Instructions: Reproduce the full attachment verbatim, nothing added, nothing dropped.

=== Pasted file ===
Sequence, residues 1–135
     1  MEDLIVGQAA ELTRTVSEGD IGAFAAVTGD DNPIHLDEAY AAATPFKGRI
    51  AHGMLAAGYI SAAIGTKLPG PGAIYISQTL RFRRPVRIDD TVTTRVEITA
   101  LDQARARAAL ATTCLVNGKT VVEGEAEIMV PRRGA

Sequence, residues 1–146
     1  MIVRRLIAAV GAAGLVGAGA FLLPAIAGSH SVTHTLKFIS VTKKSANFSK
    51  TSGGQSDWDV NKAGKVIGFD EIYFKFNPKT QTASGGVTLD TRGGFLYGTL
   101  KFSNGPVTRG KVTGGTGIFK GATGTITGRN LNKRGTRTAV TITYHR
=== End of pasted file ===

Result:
Sequence, residues 1–135
     1  MEDLIVGQAA ELTRTVSEGD IGAFAAVTGD DNPIHLDEAY AAATPFKGRI
    51  AHGMLAAGYI SAAIGTKLPG PGAIYISQTL RFRRPVRIDD TVTTRVEITA
   101  LDQARARAAL ATTCLVNGKT VVEGEAEIMV PRRGA

Sequence, residues 1–146
     1  MIVRRLIAAV GAAGLVGAGA FLLPAIAGSH SVTHTLKFIS VTKKSANFSK
    51  TSGGQSDWDV NKAGKVIGFD EIYFKFNPKT QTASGGVTLD TRGGFLYGTL
   101  KFSNGPVTRG KVTGGTGIFK GATGTITGRN LNKRGTRTAV TITYHR